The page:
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JaxPort asks Jacksonville for $70 million for dredging river

Feds, state funding already committed funds toward $774 million, multi-year harbor deepening project

Current depth of shipping channel in city of Jacksonville.
Current depth of shipping channel in city of Jacksonville.

JACKSONVILLE, Fla. – Two years into a project deepening the 13-mile shipping channel from the mouth of the St. Johns River to Jacksonville Port Authority’s Blount Island Marine Terminal, the city of Jacksonville was asked to contribute $70 million to the project to allow the new class of massive cargo ships to access Jacksonville’s port.

Earlier this month, President Donald Trump’s 2021 budget included an additional $93 million funding for the project the Army Corps of Engineers estimates will cost $774 million. That brings the federal government’s funding commitment to $195 million.

“This is a significant win for Jacksonville and as I have said before, the continued support from our state and federal partners demonstrates the strength of JaxPort’s future,” Jacksonville Mayor Lenny Curry said at the time.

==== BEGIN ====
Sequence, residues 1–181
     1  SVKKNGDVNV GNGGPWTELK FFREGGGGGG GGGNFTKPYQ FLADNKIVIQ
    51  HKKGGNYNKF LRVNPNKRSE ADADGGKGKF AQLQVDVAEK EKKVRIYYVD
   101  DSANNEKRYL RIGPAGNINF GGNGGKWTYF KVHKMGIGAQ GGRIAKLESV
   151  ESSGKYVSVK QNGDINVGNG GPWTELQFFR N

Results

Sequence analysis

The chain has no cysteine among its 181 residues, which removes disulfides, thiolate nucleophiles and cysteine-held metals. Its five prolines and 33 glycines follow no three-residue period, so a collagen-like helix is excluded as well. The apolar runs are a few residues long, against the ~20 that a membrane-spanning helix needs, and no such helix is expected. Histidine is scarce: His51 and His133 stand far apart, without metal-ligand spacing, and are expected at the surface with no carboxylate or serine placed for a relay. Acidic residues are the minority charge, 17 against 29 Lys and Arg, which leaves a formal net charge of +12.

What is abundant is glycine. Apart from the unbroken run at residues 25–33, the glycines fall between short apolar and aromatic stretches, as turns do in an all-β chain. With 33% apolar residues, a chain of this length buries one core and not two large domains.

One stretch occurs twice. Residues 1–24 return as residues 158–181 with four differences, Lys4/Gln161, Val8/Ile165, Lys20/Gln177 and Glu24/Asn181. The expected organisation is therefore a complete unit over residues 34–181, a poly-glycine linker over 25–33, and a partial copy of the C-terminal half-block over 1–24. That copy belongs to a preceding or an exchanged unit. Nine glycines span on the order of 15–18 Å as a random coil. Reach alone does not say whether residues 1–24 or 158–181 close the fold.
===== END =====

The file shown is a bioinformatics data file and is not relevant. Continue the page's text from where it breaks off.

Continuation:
JaxPort is now asking the city to contribute $70 million over the next two budget years to the project, plus loan JaxPort an additional $46 million.

The state of Florida has, so far, contributed nearly $71.5 million toward the harbor deepening project.

Deepening the Jacksonville shipping channel to 47 feet will accommodate more cargo aboard the largest ships currently wanting to call on Jacksonville from counties in Asia, including Japan, South Korea, China, Vietnam and Thailand.

Work began in February 2018 for the first two phases of the project covering approximately 8 river miles of the St. Johns River. The value of those two contracts was approximately $230 million. A contract for the third phase is scheduled for advertisement in June, followed by an award in September 2020. Overall completion of the project is scheduled for 2023.

The St. Johns Riverkeeper has sued in an attempt to block the deepening over concerns that it will lead to increased flooding and river salinity. The Riverkeeper has been disputing a U.S. Army Corps of Engineers flooding analysis.


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